Regarding pathological cause of infection, only four studies clearly specified whether these were bacterial (31, 35, 38) or viral (32). The remaining studies focused on the location, duration, and/or severity of RTIs, but their source was not clearly defined or diagnosed.

Discussion and Conclusions

Presently, vitamin D guidelines in the United Kingdom have been set at 10 μg daily from October to March to keep bones, teeth, and muscles healthy (39). However, given updated meta-analytical evidence and a growing number of RCTs, combined with the global COVID-19 pandemic, it seems timely that this advice should be updated to encompass respiratory health with the required supplemental dose being re-evaluated. Clearly, vitamin D intakes should conform to recommended upper safety limits established by expert authorities with the European Food Safety Authority setting an upper limit of 100 μg/day for adults, including pregnant and lactating women (40). Equally, supplementation should always be in addition to the consumption of a healthy, varied, and well-balanced diet. Nevertheless, a more desirable level of intake of vitamin D taking the latest evidence into account would be 2,000 IU (50 μg) daily to reduce the risk of ARTIs (41).

Regarding antibiotic use, more clinical studies evaluating the impact of vitamin D are needed as an outcome alongside ARTI incidence, symptoms, and severity. One Cochrane review evaluated evidence from seven studies where vitamin D was used as an adjunct to antibiotics to treat pneumonia, but findings were inconclusive (42). In Sweden, vitamin D3 supplementation [1,500–1,600 IU (37.5–40 μg) daily over 12 months] was found to significantly reduce antibiotic usage—from 20 to 15 days per person (43). Equally, future studies should clearly define the origin of pathological RTIs. It is possible that different vitamin D dosing regimens may be warranted for viral and bacterial infections, but there is presently not enough evidence to draw firm conclusions on this.

AMR poses a threat to future global health, and the current COVID-19 pandemic is highly damaging to health, societies, and economies. Urgent responses are needed. Supporting the immune system of the population in advance of exposure to infections (i.e., “immune prehabilitation”) would reduce the number and severity of infections and reduce use of antibiotics. Vitamin D has multiple roles in supporting the immune system (21, 44, 45) and evidence from RCTs demonstrates that supplemental vitamin D reduces risk of acquiring RTIs (32, 35, 37) as well as their duration and severity (34, 36) and may reduce antibiotic use (43). There is also evidence that individuals with better vitamin D status are less likely to develop COVID-19 and severe COVID-19 (4648). Given these observations, guidance of vitamin D intake should consider immune health, in addition to bone, tooth, and muscle health. Higher vitamin D intake in the population would reduce infections, result in infections being less severe and reduce use of antibiotics. The RCTs that form the current evidence base have highly variable designs including substantial differences in dose of vitamin D used, regularity of dosing, and duration of dosing. Thus, further clinical trials and meta-analytical approaches are warranted to clarify matters of dose, dosing regimen, and the precise relationship between vitamin D status and immune and respiratory health in different groups of the population including older people and different ethnicities.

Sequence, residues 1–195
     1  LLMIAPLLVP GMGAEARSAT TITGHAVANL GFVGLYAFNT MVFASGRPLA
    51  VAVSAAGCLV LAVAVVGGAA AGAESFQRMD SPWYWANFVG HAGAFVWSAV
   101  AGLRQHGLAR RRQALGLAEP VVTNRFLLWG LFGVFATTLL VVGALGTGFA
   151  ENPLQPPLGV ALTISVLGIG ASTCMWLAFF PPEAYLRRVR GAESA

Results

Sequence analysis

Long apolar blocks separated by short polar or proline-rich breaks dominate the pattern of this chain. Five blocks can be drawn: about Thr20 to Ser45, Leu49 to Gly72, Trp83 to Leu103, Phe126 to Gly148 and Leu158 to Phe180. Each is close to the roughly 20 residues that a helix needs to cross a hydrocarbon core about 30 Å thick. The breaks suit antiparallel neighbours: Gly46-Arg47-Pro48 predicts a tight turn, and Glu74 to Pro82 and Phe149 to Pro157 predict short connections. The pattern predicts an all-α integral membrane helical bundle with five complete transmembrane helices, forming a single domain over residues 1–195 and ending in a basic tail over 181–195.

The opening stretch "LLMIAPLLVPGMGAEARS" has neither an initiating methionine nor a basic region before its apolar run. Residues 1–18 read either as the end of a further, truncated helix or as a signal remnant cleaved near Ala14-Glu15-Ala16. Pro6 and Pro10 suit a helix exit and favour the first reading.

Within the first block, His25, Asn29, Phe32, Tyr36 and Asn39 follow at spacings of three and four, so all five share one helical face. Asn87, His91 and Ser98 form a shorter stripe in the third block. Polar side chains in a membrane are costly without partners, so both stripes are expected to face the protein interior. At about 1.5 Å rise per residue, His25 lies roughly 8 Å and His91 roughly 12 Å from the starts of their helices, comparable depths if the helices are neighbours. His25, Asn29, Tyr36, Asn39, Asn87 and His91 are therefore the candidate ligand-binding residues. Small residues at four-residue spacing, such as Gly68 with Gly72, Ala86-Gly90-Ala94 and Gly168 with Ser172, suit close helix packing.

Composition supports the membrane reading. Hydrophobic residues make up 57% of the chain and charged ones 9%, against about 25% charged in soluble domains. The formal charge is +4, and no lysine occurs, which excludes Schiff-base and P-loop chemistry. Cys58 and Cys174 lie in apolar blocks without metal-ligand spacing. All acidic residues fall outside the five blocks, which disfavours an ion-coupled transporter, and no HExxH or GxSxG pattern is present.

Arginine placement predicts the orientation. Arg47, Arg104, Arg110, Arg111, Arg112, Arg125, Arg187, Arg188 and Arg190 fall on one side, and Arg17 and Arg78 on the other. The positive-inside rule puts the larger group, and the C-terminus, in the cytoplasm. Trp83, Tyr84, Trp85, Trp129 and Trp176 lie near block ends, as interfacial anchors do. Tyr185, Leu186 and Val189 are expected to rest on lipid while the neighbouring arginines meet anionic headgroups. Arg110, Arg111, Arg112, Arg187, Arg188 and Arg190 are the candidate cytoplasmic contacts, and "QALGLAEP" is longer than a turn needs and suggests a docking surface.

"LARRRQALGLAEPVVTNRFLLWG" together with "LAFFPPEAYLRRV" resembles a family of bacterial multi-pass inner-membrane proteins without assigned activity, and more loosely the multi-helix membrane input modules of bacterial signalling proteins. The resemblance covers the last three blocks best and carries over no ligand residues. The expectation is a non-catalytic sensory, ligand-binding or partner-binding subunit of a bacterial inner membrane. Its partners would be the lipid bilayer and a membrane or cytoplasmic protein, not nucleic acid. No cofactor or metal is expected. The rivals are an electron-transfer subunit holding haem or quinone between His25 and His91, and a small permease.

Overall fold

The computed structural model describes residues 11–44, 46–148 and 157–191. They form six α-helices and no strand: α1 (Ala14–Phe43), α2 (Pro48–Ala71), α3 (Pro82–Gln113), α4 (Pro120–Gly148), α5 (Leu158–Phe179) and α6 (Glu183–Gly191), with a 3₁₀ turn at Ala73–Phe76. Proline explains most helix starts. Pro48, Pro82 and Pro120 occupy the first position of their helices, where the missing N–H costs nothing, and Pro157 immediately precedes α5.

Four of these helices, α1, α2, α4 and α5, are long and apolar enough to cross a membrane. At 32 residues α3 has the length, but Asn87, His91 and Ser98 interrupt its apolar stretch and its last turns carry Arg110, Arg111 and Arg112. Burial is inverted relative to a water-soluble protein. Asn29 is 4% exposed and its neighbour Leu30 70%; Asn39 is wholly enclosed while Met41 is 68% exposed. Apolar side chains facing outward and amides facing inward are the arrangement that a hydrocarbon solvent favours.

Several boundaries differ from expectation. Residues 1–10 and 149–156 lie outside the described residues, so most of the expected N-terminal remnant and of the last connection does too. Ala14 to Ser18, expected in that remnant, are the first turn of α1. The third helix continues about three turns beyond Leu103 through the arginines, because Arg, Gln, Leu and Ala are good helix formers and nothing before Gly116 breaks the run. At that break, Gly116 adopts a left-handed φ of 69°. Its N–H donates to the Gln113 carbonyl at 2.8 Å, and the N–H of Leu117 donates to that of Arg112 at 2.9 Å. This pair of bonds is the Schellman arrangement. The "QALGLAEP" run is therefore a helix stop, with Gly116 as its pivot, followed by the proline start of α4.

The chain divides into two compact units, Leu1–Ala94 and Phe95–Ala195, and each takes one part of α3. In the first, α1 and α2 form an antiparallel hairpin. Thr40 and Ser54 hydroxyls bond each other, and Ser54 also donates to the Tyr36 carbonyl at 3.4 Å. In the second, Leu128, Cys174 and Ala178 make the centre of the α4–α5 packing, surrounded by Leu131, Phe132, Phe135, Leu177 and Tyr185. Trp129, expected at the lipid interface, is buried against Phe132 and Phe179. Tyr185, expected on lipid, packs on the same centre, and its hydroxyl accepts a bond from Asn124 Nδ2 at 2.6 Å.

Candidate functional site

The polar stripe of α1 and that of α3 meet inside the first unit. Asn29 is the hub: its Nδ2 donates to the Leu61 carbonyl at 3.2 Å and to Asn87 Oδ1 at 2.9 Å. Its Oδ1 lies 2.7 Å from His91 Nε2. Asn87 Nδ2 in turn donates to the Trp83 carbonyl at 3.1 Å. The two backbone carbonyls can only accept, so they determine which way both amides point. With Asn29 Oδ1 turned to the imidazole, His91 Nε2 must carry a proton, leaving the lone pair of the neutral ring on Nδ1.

Author Contributions

ED and PC compiled, researched, wrote, and edited the review.

Conflict of Interest

ED is the founder of Nutritional Insight.

The remaining author declares that the research was conducted in the absence of any commercial or financial relationships that could be construed as a potential conflict of interest.

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Keywords: respiratory tract infections, antibiotic resistance, vitamin D, immunonutrition, prehabilitation

Citation: Derbyshire EJ and Calder PC (2021) Respiratory Tract Infections and Antibiotic Resistance: A Protective Role for Vitamin D? Front. Nutr. 8:652469. doi: 10.3389/fnut.2021.652469

Received: 12 January 2021; Accepted: 15 February 2021;
Published: 25 March 2021.

Edited by:

Emeir McSorley, Ulster University, United Kingdom

Reviewed by:

Shima Shahjouei, Geisinger Health System, United States
Dayong Wu, Tufts University, United States

Copyright © 2021 Derbyshire and Calder. This is an open-access article distributed under the terms of the Creative Commons Attribution License (CC BY). The use, distribution or reproduction in other forums is permitted, provided the original author(s) and the copyright owner(s) are credited and that the original publication in this journal is cited, in accordance with accepted academic practice. No use, distribution or reproduction is permitted which does not comply with these terms.

*Correspondence: Emma J. Derbyshire, emma@nutritional-insight.co.uk